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nomadic tribes of Central and Middle Asia. Circa 160 B.C. the Usun migrated from Central Asia to Semirech’e and the Tien-Shan. In the second and first centuries B.C. they were united in a tribal association. The Usun engaged in nomadic livestock raising, especially horse raising; land cultivation and handicrafts were also highly developed among them. The Usun were headed by a gun’mo (chief), whose headquarters was in Chigu, “the City of the Red Valley,” on the southern shore of the lake Issyk-Kul’. After 125 B.C. the Usun concluded an alliance with China against the Hsiung-nu. In 51 B.C, as a result of internecine conflicts, the Usun were divided into a senior, pro-Chinese, and a junior, pro-Hsiung-nu, principality. In 42 B.C. the Hsiung-nu destroyed the Usun headquarters. The Usun are last mentioned in the fifth century A.D.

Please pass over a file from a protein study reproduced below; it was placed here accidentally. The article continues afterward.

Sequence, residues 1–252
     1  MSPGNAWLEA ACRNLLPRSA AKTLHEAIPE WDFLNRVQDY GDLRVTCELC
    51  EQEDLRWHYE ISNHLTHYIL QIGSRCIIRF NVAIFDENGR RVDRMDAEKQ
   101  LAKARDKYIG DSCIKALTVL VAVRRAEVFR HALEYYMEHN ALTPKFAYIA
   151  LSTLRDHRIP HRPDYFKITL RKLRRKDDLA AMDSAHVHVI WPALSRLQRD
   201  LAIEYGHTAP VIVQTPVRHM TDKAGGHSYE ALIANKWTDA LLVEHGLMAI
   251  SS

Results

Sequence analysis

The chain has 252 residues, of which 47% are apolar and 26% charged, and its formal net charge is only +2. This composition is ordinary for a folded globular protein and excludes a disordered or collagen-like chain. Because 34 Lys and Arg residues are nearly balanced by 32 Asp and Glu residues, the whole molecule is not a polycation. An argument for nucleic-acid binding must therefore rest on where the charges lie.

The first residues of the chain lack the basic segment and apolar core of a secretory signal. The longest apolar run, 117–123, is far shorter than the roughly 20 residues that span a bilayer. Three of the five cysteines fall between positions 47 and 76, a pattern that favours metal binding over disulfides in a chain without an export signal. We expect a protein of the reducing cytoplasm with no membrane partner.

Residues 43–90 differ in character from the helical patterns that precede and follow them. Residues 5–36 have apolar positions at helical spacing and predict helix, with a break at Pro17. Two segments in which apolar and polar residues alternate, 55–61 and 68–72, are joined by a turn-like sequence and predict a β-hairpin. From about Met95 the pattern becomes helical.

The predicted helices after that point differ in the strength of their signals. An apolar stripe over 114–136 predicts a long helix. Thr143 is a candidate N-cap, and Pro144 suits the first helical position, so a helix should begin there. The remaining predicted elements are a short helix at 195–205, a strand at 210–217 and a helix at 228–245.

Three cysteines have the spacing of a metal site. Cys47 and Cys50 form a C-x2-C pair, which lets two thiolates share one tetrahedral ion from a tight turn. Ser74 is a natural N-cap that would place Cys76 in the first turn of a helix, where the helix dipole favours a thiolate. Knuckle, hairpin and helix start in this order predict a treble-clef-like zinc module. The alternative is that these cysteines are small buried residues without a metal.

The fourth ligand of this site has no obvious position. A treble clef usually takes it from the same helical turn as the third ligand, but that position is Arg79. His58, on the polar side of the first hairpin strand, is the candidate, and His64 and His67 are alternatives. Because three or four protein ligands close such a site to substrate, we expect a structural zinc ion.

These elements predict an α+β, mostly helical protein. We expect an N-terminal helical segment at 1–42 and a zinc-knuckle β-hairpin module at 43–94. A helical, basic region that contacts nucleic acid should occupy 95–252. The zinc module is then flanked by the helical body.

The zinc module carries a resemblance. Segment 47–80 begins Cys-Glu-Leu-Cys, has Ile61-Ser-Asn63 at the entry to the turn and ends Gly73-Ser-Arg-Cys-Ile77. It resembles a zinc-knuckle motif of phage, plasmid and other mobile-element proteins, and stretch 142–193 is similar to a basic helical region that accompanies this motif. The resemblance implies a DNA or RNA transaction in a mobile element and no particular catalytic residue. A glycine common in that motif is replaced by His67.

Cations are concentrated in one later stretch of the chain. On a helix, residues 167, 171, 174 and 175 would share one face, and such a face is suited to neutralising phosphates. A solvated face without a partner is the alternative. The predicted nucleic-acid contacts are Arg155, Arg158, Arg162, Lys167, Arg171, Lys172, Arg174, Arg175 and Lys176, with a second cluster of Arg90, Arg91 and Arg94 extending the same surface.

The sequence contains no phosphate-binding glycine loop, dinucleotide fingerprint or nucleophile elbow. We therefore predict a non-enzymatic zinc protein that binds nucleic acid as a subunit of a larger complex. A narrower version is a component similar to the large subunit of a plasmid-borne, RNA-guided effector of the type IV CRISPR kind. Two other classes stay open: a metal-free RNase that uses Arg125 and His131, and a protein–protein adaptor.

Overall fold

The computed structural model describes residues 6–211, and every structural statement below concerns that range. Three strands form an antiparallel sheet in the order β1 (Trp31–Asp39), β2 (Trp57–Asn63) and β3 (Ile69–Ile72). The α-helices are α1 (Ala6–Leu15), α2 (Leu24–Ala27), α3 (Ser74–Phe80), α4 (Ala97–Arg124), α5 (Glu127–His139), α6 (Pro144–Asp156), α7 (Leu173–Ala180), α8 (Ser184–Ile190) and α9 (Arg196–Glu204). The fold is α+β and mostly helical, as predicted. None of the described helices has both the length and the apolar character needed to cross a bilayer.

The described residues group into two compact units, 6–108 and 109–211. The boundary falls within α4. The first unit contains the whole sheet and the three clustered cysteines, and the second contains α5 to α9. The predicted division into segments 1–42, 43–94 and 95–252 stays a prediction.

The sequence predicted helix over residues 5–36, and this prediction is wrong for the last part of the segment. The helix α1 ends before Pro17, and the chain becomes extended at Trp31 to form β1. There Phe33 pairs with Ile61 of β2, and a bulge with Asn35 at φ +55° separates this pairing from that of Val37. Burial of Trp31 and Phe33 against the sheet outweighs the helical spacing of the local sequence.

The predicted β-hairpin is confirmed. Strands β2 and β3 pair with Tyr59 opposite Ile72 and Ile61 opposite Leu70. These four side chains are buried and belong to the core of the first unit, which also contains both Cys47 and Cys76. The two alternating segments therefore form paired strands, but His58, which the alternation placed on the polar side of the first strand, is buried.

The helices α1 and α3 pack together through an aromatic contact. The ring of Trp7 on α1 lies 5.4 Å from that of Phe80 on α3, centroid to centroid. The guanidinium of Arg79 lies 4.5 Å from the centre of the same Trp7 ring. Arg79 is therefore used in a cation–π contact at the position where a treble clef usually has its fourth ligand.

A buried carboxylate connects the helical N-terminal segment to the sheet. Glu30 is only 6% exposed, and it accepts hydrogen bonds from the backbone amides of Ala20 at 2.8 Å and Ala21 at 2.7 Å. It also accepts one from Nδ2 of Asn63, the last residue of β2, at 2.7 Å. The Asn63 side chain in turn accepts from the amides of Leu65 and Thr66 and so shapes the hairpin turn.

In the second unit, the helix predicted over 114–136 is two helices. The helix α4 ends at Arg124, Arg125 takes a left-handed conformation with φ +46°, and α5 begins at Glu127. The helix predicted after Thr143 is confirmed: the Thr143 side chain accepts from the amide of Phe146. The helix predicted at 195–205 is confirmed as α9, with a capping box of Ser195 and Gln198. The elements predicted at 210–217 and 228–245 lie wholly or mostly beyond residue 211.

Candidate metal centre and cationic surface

REFERENCESVoevodskii, M. V., and M. P. Griaznov. “U-sun’skie mogil’niki na territorii Kirgizskoi SSR.” Vestnik drevnei istorii, 1938, no. 3.
Bernshtam, A. N. “K voprosu ob usunl’//kushan i tokharakh.” Sovetskaia etnografiia, 1947, no. 3.
Zuev, Iu. A. “K etnicheskoi istorii usunei.” Trudy In-ta istorii, arkheologii i etnografii AN Kazakhskoi SSR, 1960, vol. 8.